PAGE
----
Orvis (The Place, 2015) tells a sprawling tale of a Utah family, set against the upheavals of the mid-20th century.
It’s 1950 in Salt Lake City, Utah. Rusty Van Cott has been mortally injured in a gas tank explosion, and his siblings, including his best friend and brother, Bud; his mother; and assorted in-laws surround his hospital bed. Rusty’s injuries overwhelm Bud, but the sight sends his mind tumbling through memories of riding the rails as a bum in the early 1930s, fighting the Japanese on an island during World War II, and surviving a poor childhood under the abusive rule of their alcoholic father, Kurt. The moment that shaped Bud’s life, however, was the dynamite blast that blew off several fingers. Already dyslexic and a poor speaker, the accident left him with only “buds” on one hand, with which he nevertheless became a military sharpshooter. Through most of their lives, Bud and Rusty were inseparable because they shared an understanding: Rusty was handsome, swaggering, and fearless, while Bud followed in his shadow, enjoying a spiritual awakening that nobody else in their Mormon community approved of. Author Orvis thrives on luring readers into dark corners and offers page after page of gritty Americana. Most of the chapters are from Bud’s perspective—though a few belong to his mother, Opal—and his memories flow smoothly through the eras. Segments focusing on boxcar hobos, Japanese soldiers, and Kurt’s frequently unleashed belt are studies in violence. These are balanced by scenes in Utah’s splendid wilderness; the meditative Bud says, “Nobody knew how I thought or what I felt. Maybe that’s the way I hid my power.” The story is all the more harrowing considering that many of the grisly details of the Van Cotts’ survival—like eating the neighbor’s cats—plausibly happened to some families, somewhere. The thinnest element of the narrative is Kurt, who, as the villain, deserves to be more fleshed out. Otherwise, Orvis cuts deeply indeed.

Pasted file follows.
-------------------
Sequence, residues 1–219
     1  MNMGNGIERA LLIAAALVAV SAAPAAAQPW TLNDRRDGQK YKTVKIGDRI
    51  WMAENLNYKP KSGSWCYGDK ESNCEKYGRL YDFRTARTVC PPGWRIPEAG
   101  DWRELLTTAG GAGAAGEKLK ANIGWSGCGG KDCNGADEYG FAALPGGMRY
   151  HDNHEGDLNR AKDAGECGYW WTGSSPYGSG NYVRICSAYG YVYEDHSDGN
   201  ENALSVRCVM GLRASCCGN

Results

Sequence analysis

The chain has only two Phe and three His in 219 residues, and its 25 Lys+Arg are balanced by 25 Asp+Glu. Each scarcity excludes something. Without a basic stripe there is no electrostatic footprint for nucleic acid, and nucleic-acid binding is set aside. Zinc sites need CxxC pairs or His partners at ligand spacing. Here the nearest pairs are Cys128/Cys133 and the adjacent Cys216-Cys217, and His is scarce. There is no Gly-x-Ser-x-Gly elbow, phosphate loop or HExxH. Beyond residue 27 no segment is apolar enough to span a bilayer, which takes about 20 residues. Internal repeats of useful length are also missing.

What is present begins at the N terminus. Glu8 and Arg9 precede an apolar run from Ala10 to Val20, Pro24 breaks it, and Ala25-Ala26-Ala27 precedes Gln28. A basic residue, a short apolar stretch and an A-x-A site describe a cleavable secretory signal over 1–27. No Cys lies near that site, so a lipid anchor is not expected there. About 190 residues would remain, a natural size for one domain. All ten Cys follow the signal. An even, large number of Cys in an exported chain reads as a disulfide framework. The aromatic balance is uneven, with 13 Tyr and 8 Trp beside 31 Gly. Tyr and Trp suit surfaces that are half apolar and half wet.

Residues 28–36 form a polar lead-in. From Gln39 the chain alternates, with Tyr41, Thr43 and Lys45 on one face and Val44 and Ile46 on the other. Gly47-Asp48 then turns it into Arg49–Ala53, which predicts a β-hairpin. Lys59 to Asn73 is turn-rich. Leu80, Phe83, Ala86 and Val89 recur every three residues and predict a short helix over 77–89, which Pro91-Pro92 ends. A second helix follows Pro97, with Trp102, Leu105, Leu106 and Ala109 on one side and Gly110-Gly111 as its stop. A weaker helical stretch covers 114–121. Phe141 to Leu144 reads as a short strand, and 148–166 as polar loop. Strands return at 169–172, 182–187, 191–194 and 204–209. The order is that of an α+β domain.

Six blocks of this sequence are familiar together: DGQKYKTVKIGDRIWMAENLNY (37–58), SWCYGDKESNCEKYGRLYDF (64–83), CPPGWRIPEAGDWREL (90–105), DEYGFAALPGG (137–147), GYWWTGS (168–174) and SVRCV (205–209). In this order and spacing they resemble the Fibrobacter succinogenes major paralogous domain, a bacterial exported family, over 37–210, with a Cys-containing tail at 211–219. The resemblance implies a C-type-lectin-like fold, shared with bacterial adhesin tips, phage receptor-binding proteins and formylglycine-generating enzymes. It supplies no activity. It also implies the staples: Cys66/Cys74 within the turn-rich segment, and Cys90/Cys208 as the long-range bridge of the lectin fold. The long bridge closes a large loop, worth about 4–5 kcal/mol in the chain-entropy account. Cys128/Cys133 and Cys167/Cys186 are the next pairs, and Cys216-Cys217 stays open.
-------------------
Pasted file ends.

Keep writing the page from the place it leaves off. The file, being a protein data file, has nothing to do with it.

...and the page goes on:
An underdog tale for readers with steel nerves.